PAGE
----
Recently, walking by myself after work, the autumn air cooled my hot work blood and I thought how walking by myself is becoming more and more tolerable.  (I almost wrote bearable, but that's not the right word at all.)  The first few times I went out without my partner at the end of his short red leash, it broke my heart.

But walking by myself recently, I remembered the church and thought how, although Bear was still mobile, his breath was already growing rough, and he was starting to do things like wander almost absent-mindedly into spaces he had never cared for before.

One of those spaces was the church narthex, and I wondered as I walked without him if that had been a moment of doggy last rites - if his spirit was needing a final blessings - or if, like always, he was helping me slow down and open my heart to the beauty in the world.  Either way, I am grateful for what washed over me in that strange church while I huddled with my dog, worried someone would come out and wonder what in the world we were doing there.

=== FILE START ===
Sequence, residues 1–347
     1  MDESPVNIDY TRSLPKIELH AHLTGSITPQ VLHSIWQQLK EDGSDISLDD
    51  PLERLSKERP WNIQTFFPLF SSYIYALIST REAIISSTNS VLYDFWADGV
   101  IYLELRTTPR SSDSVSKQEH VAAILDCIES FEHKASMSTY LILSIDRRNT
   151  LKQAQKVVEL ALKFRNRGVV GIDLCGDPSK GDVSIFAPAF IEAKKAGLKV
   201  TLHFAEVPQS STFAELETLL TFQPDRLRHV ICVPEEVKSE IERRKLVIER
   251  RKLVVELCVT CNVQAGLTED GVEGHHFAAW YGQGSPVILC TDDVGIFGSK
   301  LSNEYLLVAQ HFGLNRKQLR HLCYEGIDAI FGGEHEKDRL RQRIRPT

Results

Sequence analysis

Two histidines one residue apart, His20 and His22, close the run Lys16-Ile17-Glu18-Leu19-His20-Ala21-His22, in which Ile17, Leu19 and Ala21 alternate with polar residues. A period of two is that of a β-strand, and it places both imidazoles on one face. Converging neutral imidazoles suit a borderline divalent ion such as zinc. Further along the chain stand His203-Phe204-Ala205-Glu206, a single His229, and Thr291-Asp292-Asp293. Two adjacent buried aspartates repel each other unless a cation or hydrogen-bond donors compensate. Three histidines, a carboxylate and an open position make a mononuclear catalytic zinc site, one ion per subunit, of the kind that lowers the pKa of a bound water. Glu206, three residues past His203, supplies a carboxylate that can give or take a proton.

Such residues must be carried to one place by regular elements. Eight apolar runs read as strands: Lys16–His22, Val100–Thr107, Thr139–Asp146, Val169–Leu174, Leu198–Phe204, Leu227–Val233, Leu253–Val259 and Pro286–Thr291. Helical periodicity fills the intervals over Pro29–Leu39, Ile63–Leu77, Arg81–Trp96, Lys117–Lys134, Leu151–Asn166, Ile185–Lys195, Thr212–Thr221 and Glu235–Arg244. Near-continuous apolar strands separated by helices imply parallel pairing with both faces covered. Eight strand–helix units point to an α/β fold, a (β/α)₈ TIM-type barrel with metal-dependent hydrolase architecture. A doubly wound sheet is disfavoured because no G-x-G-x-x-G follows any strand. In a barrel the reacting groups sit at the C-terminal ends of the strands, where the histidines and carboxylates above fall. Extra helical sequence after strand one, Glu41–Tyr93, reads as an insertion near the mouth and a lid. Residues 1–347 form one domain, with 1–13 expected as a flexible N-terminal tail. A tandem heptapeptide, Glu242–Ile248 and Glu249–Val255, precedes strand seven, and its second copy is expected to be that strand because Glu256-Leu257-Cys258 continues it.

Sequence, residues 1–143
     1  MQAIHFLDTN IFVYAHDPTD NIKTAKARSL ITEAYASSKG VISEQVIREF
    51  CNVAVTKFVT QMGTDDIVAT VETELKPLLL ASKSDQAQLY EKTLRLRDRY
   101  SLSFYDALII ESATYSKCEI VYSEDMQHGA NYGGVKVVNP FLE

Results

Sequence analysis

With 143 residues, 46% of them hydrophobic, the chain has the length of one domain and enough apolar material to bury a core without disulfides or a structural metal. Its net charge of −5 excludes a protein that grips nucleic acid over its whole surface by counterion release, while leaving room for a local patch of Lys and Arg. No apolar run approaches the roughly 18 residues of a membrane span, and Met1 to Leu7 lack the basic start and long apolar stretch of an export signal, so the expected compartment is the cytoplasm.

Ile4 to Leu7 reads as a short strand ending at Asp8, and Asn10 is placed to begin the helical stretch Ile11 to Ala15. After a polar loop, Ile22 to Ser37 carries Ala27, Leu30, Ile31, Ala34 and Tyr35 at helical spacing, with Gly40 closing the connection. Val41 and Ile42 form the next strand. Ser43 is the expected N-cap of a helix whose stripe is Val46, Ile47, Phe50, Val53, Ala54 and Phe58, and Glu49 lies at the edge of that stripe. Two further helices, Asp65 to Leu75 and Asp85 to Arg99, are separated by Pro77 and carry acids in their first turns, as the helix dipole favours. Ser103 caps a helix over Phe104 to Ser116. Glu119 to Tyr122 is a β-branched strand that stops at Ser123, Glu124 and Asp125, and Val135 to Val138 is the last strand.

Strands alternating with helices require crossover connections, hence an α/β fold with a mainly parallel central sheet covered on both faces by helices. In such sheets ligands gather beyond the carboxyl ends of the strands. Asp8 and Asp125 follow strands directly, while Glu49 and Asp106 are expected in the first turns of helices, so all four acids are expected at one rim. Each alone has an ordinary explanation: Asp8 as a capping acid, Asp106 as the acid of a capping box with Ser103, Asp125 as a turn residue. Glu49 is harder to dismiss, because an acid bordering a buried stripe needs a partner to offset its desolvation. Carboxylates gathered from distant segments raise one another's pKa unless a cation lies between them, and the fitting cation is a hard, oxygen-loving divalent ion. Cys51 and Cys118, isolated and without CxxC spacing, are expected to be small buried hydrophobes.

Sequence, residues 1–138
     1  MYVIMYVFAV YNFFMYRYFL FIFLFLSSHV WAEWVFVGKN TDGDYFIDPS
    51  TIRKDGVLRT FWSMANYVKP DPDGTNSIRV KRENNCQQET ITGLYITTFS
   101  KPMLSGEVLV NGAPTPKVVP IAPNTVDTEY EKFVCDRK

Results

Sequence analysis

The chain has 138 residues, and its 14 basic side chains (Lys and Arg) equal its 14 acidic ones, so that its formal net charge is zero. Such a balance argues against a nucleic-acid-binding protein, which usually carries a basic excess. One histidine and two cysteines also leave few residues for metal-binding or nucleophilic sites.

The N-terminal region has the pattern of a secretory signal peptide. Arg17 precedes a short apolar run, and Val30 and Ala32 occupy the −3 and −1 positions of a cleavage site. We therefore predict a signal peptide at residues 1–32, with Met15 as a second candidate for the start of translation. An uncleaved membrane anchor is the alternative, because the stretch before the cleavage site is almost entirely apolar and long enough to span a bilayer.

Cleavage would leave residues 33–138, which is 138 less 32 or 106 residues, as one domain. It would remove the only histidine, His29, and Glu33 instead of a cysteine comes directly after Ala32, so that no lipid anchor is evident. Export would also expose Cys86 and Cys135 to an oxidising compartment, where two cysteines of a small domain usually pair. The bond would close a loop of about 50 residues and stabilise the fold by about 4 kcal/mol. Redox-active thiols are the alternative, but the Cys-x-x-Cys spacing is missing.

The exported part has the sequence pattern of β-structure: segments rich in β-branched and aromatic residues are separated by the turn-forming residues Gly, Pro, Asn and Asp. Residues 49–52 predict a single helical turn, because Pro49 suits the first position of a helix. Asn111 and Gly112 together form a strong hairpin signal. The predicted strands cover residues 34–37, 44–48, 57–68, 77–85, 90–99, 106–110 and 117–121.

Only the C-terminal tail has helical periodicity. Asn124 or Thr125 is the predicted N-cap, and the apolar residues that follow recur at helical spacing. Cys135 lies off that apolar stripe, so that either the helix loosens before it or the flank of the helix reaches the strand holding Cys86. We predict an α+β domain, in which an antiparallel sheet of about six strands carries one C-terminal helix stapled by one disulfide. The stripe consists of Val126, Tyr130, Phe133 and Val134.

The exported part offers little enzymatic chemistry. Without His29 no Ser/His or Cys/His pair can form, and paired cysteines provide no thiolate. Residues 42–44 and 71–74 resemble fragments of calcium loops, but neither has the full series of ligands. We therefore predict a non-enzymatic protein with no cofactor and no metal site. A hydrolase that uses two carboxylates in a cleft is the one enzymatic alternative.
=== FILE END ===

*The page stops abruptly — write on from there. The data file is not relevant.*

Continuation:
We walked on that night, and the next time we passed the church, Bear only sniffed their sign.  There was no one singing, no dog pulling me inside.  The curtains had closed, the window passed.  Part of me worries that things like that will stop happening when I don't answer the call.  I chose the world outside the church that night, as I have done for some time, but I want to remember that feeling, something tugging me toward it, something bright and glowing behind those doors.